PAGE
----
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BW Businessworld

Back With A Bang

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Public Sector Undertakings (PSUs) — those incredible temples that fuelled India’s adamant bid for self-reliance — may have lost their numero uno status in several sectors to private firms, but their relevance in a rapidly industrialising nation hasn’t diminished. That relevance is reflected in the BW Real 500, where four of the top five companies are PSUs, as are eight of the Top 20.
More interesting is the list of the top PSUs, once the numbers of the non-financial and financial companies are combined. Six of the top 10 and 14 of the top 20 PSUs are banks. The biggest of them all, State Bank of India (SBI), dominates the list, with its total assets-total income combo — at Rs 7,80,548 crore for FY 2007-08 — nearly double that of Indian Oil Corporation’s (IOC’s) Rs 3,98,905 crore, which holds the No. 2 position.





That is perhaps not as surprising given that public sector banks — which control about 76 per cent of the market — have traditionally dominated the still-regulated sector, and serviced the remotest parts of the country, areas where private banks are yet to make any inroads. They also employ a lot of people — SBI, for instance, has 800,000 employees compared to 24,000 for HDFC Bank and 40,000 for ICICI Bank.
However, it is not only the banks that have done well. Several top PSUs from other sectors have also shown admirable resilience in the face of stiff competition from slick, professionally-run private companies. Take, for instance, the four leading public sector oil companies — IOC, Oil and Natural Gas Corporation, Hindustan Petroleum Corporation and Bharat Petroleum Corporation. They have performed exemplarily to be on top even as global crude oil prices have been on a swing during last year. Power major National Thermal Power Corporation, No. 6 in the BW Real 500, has developed itself as an integrated power major from a pure coal-based power generator.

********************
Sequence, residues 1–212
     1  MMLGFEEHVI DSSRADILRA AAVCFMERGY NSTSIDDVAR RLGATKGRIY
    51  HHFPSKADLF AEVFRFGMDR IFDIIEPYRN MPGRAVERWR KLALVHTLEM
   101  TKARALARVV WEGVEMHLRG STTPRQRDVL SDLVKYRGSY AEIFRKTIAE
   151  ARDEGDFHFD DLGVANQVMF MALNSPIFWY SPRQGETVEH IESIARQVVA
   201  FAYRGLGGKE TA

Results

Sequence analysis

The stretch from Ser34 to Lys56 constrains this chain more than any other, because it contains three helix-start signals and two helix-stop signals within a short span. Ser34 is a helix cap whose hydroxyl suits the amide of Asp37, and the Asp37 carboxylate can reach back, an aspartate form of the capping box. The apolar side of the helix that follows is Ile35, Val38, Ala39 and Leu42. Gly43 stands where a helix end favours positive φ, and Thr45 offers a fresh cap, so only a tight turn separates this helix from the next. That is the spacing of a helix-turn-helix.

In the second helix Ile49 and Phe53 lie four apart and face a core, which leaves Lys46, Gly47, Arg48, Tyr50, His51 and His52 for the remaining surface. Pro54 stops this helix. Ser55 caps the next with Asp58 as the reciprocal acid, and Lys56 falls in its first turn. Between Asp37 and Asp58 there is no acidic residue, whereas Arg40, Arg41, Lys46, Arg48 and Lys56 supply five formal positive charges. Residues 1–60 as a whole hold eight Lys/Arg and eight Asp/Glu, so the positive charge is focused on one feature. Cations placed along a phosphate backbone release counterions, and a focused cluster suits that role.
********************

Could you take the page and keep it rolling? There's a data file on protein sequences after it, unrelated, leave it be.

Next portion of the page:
Bharat Heavy Electricals (BHEL), No. 12 in the BW Real 500, secured its highest-ever orders worth Rs 50,270 crore in a single year, despite operating under intense competitive pressures from companies such as Alstom and Larsen & Toubro.

For Powergrid, a slot in the Top 20 (at No. 16) sits well, given that it accounts for about 45 per cent of the total power generated in the country. With transmission system availability at 99.65 per cent, this PSU is on a par with international utilities such as National Grid of the UK.
Then, Gail India, No. 18 in the BW Real 500, has set its eyes on becoming the largest supplier of piped gas to homes in the country. Also, with the India-US 1-2-3 nuclear agreement finally getting operationalised, this PSU is betting on big business.
Special mention must be made of the commendable human resource management of the PSUs. Each of the top 20 companies has withstood attrition in the face of huge odds, and provided shareholder value in a competitive environment. This, despite the pulls, pressures and constraints that a ‘government company’ tag inevitably brings.
m.rajendran@abp.in
(Businessworld Issue 21-27 Oct 2008)


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